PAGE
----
scream, you scream, we all scream for – a free trip to Norway?
In a zany new competition,
your wildest howl could get you a free trip to the home of Edvard Munch,
Norwegian painter of the famous masterpiece, The Scream, which shows a figure howling
in agony against a dramatic backdrop of swirling waters and a fiery orange sky.
Inspired by the
anniversary of Munch’s birth, who was born in Adalsbruk, Norway, on 12 December
1863, tourism authority Visit Norway has launched a Scream
Your Way to Norway campaign. Entrants are encouraged to submit video clips
of their version of The Scream – their best ear-splitting or blood-curdling
shriek – for a chance to win a free trip to the country or one of a bevy of
Scandinavian goods, including a Setesdal sweater or Svalbard
Visit Norway will
then edit the submissions into the world’s longest scream film to commemorate
Munch’s birthday. As of publication time, the
video is 20 minutes long and includes a range of hilarious and agonizing
screams, including a screaming goat and a climber standing atop a jagged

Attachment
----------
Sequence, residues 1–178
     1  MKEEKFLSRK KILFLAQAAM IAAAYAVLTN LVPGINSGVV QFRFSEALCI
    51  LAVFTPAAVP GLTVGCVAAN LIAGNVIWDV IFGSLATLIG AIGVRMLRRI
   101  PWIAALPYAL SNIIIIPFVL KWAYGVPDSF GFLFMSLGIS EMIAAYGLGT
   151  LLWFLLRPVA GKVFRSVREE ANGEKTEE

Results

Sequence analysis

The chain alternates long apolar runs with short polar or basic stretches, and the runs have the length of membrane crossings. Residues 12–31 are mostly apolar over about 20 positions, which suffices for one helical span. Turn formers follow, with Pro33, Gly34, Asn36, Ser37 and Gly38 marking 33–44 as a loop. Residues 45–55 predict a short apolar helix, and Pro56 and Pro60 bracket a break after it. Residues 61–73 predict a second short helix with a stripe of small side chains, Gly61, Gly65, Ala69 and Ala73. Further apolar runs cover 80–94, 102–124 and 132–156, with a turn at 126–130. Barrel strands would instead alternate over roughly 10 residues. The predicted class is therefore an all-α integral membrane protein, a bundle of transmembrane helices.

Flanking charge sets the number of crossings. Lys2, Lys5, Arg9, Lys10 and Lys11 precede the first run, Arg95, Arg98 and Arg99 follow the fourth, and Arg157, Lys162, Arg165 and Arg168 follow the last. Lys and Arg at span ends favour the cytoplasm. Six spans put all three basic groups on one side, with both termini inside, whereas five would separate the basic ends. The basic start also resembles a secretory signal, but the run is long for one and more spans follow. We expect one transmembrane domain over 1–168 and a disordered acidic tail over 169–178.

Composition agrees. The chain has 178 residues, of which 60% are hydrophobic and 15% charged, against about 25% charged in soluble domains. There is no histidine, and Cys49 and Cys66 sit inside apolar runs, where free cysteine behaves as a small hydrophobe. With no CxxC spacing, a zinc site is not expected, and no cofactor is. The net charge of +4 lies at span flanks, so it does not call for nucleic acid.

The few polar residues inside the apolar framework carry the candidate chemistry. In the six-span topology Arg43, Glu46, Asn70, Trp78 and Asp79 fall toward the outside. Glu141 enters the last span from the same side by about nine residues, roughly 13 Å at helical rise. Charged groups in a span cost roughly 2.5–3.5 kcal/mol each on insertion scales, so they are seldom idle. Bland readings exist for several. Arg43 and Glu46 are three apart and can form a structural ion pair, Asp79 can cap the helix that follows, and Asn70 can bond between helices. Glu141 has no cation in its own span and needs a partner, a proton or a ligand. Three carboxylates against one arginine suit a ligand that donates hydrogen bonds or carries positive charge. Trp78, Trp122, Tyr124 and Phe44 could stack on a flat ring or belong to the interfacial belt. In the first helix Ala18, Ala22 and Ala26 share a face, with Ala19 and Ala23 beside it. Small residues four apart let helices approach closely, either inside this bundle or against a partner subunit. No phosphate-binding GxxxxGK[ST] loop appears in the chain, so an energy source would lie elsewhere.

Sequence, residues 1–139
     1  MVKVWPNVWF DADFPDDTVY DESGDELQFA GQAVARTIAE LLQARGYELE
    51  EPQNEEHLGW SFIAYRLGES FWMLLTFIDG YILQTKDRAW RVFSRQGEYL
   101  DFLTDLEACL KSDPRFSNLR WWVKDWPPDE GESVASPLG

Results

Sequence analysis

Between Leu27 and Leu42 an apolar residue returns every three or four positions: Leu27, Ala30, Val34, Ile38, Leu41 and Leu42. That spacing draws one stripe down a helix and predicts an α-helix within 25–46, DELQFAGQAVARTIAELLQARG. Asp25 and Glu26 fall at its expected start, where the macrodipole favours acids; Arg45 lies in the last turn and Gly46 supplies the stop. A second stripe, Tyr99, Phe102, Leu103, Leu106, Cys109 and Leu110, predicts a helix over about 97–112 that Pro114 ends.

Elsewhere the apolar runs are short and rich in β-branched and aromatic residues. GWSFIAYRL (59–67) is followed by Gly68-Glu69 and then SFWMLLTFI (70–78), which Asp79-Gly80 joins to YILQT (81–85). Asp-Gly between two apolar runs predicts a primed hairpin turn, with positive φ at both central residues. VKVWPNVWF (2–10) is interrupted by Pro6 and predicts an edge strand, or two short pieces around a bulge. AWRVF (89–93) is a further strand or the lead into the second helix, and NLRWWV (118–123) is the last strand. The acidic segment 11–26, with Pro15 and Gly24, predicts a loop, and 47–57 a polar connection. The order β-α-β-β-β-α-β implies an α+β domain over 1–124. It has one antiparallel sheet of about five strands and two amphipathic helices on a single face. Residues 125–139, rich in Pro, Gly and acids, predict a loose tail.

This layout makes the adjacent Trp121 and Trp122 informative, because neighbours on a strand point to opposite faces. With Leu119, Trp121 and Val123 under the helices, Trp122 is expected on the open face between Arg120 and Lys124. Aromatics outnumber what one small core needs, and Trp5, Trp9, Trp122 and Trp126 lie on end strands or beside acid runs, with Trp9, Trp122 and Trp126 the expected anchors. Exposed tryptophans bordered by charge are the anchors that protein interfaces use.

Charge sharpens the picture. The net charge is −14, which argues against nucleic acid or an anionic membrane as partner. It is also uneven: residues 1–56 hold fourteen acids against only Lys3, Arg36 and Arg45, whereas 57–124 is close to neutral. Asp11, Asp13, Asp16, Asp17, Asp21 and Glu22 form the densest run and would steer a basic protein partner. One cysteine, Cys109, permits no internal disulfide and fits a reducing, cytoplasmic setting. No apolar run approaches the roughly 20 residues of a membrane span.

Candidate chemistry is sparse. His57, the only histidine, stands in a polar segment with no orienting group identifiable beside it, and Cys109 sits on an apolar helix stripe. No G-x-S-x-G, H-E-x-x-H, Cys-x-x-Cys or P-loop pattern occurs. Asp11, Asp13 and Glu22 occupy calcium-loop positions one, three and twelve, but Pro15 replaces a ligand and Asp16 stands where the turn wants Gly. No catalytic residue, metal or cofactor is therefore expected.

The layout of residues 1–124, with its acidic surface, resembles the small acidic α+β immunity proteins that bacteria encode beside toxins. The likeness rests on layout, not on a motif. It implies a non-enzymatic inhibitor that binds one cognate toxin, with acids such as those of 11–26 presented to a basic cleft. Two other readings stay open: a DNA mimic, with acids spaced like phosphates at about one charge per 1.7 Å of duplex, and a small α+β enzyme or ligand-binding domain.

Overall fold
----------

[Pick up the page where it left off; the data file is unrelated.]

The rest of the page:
pinnacle, howling in triumph. The final film will be screened when the
competition closes on 28 February.
Here’s how it works: entrants can scream,
shoot and submit as many videos as they please. “Short and sweet, screaming for
a couple of seconds is fine,” Visit Norway advised. “We are looking for
quality is up to entrants; there’s even an option to upload a video straight
from your laptop’s webcam. The contest operates on a sliding scale, so the more
entries submitted, the bigger the award gets. If there are 250 entries, there
will be two trips awarded; if there are 3,000 entries, five trips will be
awarded. A “scream of the day” is also awarded, with prizes including Raggen
wool socks. Check out the contest promo video and a selection of
submissions on Visit Norway’s YouTube page
(we recommend having some earplugs or a bottle of painkiller nearby).
Screaming for a
trip to Munch’s homeland is, of course, a fitting way to commemorate the
artist’s 150th year, but it’s not the only way. The Munch Museum and the National Gallery of Norway, both in
Oslo, are organising retrospectives of Munch’s work, available for viewing from
June to October. Munch enthusiasts can also visit New York’s Museum of Modern
Art to view an 1895
pastel-on-cardboard version of The Scream, which sold at auction last year for $120 million
and is on loan at the museum through the end of April. Munch painted four
versions of his famous painting between 1893 and 1910, and there are two of the
originals on view at the Munch Museum, one at the
National Gallery of Norway and one at the Museum of Modern Art in New York.